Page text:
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How to Buy the Best Anti-Aging Supplements (That Are Actually Legit)

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If living longer was as easy as taking a pill, everyone would do it. Problem is, there's a ton of conflicting info out there on the purported perks of supplements, especially when it comes to the anti-aging category. Separating fact from fake news takes a decent amount of effort, but ongoing research is uncovering some exciting potential benefits, so if you put in the work, the payoff could be worth it. Here's everything you should know about choosing the best anti-aging supplements. (Related: Are Dietary Supplements Really Safe?)

Finding the Best Anti-Aging Supplements That Aren't BS

If you're taking a load of pills while ignoring food, you're doing it wrong—they're called supplements for a reason. "If you just take a pill and don't eat properly, you won't get all the benefits, which is why I like to introduce supplements not only into a nutritional program but also into a dietary program," says Richard Firshein, D.O., Founder of Firshein Center for Integrative Medicine. Consider supplements as a way to top off a healthy lifestyle. 

You also shouldn't look at supplements as a means to make your skin look the same way it did 10 years ago. Instead of thinking about anti-aging supplements in terms of your skin or body "looking" younger, think about these additives as something that can improve your health and promote longevity, says Dr. Firshein. Working with a nutritionist or physician will always get you the best results for your specific needs, but you may want to consider keeping these promising options on your radar.

  • Fisetin: "Fisetin is a very potent anti-inflammatory that's been shown to prevent cancers from spreading in studies with laboratory animals," says Dr. Firshein.
  • Nicotinamide adenine dinucleotide (NADH or NAD+): "Your body uses these to regulate almost every body function that you have," says Dr. Firshein of these two forms of NAD. "They regulate how your body repairs itself in terms of your DNA and helps you regulate your sleep cycles. And it really helps your body go through a process called autophagy, which is the way that your body cleans up damaged material inside yourself." 
  • Curcumin: Curcumin is the molecule in turmeric that's responsible for the spice's yellow color. Research suggests it has anti-inflammatory and artery-clearing effects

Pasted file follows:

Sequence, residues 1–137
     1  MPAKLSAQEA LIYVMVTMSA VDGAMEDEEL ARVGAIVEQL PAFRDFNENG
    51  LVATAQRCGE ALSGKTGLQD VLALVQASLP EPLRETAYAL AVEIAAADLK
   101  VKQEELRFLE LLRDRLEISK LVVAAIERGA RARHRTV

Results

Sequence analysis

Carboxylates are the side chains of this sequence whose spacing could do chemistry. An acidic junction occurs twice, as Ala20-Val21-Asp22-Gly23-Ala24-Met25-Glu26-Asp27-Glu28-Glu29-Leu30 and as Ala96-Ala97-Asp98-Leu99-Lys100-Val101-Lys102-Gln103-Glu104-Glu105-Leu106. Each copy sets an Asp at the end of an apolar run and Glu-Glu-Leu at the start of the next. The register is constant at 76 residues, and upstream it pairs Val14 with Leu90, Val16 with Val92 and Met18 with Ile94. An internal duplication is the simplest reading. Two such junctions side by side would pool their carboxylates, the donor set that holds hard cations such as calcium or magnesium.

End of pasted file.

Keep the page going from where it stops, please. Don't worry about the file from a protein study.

• Pyrroloquinoline quinone (PQQ): PQQ is a compound that's naturally found in foods like green tea, kiwi, and green peppers. According to studies, it might have antioxidant effects and positively impact brain function.
  • Boswellia: Boswellia is an extract from the Boswellia (AKA frankincense) tree. "Boswellia has data against placebo for inflammatory conditions, including aging-related inflammatory conditions," says Dr. Sreek Cherukuri, M.D., who developed Boscumin, a supplement combining Boswellia and curcumin.

As far as supplements you can likely skip, surprisingly, multivitamins top both doctors' lists. "There are probably few people who really need a multivitamin unless they just don't eat," says Dr. Firshein. A recent review of existing research suggested that some of the most popular supplements–multivitamins, vitamin D, calcium, and vitamin C—don't have any impact on the risk of heart disease, heart attack, stroke, or premature death.

How to Find Safe Supplements

The FDA doesn't regulate supplements, which has led to some extremely shady practices over the years from paying for fake Amazon reviews to selling pills laced with prescription-strength drugs. FDA Commissioner Scott Gottlieb recently announced that the government agency will be modifying its approach to dietary supplement regulation, but at least for now, you'll have to do some digging if you want to be aware of what you're taking and what you're expecting as a result.

First, you should do a little research on what you're considering taking to see if the nutrient has research-backed benefits or is mostly hype. Look for placebo-controlled studies published in medical journals, suggests Dr. Cherukuri. If you're taking any prescription medication, you should also ask your doctor about how it might interact with any supplements you consider taking.

Once you've decided a particular supplement is worth taking, do a little research before settling on a brand. Since supplements are unregulated, some companies sell pills that are completely different from what they say on the label. For starters, in 2015, the New York Attorney General's office called out GNC, Target, Walgreens, and Walmart after finding that four out of five of the herbal supplements on their shelves didn't contain any of the herbs on their labels. Check on a company's website to see if it's had third-party testing to guarantee that what's on the label is what's in the bottle, adds Dr. Cherukuri.

Putting in some research will mean avoiding a sketchy product and finding a supplement that's not completely based in hype.

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